Again, we would like to wait to proceed further until we know whether MPS would like to partner with us to protect MPS jobs, funding, enrollment, and governance. The RFP seeking a school operator was not issued and steps have not been taken to select a school. Out of respect to MPS, we did not even begin this process because we wanted to give them time to work toward an agreement. We did not want to unilaterally select a school - we wanted to get input from MPS on this process. This, again, has been communicated to MPS and to the public. 

V.            The OSPP proposal contains elements which contradict the legislation, namely that staff at the OSPP schools will remain employees of the district with little guidance about how this would be compliant with state law

The County’s corporation counsel has issued a legal opinion that our plan is in line with state statute. That opinion was shared with MPS on May 9th, and MPS's counsel, the City Attorney for the City of Milwaukee, has concurred that our opinion is in line with state statute. If MPS has a different legal opinion to share we would like to have our counsel review it, but to date, we have not received any conflicting legal opinions from MPS.

As to MPS’s counter-proposal, these ideas, while good, are not new concepts and they are not viable this year. We remain interested in early childhood education, as the county executive has been discussing since last year. However, because we do not have funding outside the per-pupil dollars allocated by the state, we are not able to take on a new initiative in a vacant building due to unrealistic start-up costs and capital costs.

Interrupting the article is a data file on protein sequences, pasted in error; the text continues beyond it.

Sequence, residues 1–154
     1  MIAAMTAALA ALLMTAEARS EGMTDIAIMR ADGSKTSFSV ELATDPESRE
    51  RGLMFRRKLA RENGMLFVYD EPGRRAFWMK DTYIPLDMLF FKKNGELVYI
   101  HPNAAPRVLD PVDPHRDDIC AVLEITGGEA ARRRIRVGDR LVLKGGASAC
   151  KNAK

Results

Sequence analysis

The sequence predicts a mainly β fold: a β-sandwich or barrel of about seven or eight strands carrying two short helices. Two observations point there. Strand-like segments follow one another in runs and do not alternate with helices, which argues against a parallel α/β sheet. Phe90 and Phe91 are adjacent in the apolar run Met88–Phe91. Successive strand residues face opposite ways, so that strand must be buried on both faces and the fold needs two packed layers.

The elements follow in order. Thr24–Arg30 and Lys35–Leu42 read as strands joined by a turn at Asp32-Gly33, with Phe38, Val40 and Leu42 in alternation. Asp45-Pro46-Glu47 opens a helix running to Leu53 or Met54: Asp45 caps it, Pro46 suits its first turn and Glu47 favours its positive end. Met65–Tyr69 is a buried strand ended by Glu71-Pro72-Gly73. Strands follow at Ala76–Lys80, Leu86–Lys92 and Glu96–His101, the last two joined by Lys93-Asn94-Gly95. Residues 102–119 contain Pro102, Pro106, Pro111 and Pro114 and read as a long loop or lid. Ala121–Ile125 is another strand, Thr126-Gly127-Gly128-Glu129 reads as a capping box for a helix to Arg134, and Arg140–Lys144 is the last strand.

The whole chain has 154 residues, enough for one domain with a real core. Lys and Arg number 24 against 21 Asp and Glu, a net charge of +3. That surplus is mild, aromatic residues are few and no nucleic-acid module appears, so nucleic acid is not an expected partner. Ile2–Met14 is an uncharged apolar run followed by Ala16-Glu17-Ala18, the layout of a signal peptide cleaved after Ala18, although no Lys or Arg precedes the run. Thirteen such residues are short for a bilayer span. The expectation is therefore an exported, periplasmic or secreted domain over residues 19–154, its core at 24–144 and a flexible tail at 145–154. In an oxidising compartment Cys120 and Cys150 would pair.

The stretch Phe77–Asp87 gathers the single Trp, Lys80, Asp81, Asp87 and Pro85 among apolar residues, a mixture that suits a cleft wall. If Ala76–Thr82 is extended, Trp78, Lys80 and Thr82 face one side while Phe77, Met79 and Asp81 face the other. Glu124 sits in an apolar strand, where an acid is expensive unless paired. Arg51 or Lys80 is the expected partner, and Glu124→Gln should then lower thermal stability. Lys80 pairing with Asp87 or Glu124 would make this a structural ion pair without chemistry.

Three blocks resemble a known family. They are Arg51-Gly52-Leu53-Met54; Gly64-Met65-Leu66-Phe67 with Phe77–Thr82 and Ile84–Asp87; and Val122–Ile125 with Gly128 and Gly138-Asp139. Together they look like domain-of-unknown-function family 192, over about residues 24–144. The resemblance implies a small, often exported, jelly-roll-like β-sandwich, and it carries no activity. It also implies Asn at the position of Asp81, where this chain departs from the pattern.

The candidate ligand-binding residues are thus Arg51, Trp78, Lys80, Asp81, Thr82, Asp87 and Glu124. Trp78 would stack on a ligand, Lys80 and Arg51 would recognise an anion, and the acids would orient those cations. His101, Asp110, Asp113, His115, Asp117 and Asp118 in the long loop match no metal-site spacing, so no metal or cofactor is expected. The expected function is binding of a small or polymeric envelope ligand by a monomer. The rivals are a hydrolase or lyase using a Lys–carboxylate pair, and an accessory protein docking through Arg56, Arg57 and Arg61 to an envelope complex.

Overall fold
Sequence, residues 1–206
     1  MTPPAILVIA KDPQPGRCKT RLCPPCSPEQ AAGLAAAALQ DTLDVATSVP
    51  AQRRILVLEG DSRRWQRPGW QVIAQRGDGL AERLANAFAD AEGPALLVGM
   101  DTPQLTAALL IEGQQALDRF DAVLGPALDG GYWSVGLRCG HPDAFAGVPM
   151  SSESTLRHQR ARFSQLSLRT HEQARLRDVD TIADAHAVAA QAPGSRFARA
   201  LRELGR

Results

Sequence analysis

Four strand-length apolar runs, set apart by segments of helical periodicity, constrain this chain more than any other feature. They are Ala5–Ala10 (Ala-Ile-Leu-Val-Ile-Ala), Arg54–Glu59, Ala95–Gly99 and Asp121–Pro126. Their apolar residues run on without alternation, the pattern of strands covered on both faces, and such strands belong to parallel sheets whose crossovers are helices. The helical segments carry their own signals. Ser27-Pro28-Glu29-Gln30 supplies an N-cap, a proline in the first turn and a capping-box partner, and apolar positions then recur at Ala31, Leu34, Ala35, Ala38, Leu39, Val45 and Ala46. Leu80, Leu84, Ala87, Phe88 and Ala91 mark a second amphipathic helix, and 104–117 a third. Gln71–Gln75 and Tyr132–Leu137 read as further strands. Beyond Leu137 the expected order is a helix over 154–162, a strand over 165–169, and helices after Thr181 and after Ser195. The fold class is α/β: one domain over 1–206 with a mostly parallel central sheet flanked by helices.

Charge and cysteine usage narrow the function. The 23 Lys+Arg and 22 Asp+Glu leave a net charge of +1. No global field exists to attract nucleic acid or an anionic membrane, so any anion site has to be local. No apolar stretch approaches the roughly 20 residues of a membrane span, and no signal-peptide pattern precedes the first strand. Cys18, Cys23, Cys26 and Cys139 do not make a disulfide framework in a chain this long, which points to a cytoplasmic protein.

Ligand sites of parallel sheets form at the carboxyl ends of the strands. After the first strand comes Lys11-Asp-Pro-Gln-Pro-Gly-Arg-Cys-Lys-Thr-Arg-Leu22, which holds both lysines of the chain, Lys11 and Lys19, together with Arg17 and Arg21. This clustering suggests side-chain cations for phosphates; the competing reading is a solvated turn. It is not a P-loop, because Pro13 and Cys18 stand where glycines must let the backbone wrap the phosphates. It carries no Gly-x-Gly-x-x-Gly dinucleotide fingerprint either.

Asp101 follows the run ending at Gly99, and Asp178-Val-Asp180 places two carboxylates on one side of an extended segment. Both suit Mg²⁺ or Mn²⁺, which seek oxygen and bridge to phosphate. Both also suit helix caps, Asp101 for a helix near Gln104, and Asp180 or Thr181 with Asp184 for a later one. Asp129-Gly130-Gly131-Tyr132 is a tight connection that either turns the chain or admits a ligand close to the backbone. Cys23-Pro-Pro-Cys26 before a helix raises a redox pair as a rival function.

As well, families have always been free to change school enrollment of students. OSPP has previously indicated a desire to work with families and students through this process. It is important to note that the OSPP school will be open enrollment and welcome all families. If MPS accepts the proposal from OSPP, the school will remain public and students will continue to have the benefit of being taught by MPS teachers, should families choose to enroll at that school.

Timeline:

January 14, 2016 -- Meeting with MPS Superintendent, Chief of Staff to Dr. Driver, CEx Abele, Chief of Staff for CEx Abele, Sen. Darling, Rep. Kooyenga and OSPP Commissioner @ MPS Central Offices to discuss the expectations of the OSPP law. 

March 10, 2016 -- Meeting with MPS Superintendent, Chief of Staff to Dr. Driver, Director Bonds (then Board President), CEx Abele, Chief of Staff for CEx Abele and OSSP Commissioner to discuss the potential partnership with MPS. 

March 17, 2016 -- Teleconference with MPS Superintendent, Chief of Staff to Dr. Driver, Director Bonds, Chief of Staff for CEx Abele, OSPP Commissioner to continue the discussion of the OSPP proposal and the potential to form work groups. 

April 20, 2016 -- Proposal emailed to MPS. 

April 21, 2016 -- Proposal presented to MPS. The meeting was more than three hours, allowing for ample time to express questions. 

May 5, 2016 -- Dr. Driver sent letter to OSPP Commissioner RE: Questions. 

May 9, 2016 -- OSPP Commissioner provides answers to the May 5 questions. 

May 16, 2016 -- Meeting with City Attorney, Milwaukee County Corporation Counsel, Asst. Milwaukee County Corporation Counsel, CEx Abele, Chief of Staff for CEx Abele and OSPP Commissioner to discuss legal elements of the proposal from OSPP. 

May 26, 2016 -- Teleconference with Assistant City Attorney to provide update to the MPS Board's reaction to the formal OSPP proposal. 

June 9, 2016 – MPS cancels standing monthly meeting with CEx Abele and Dr. Means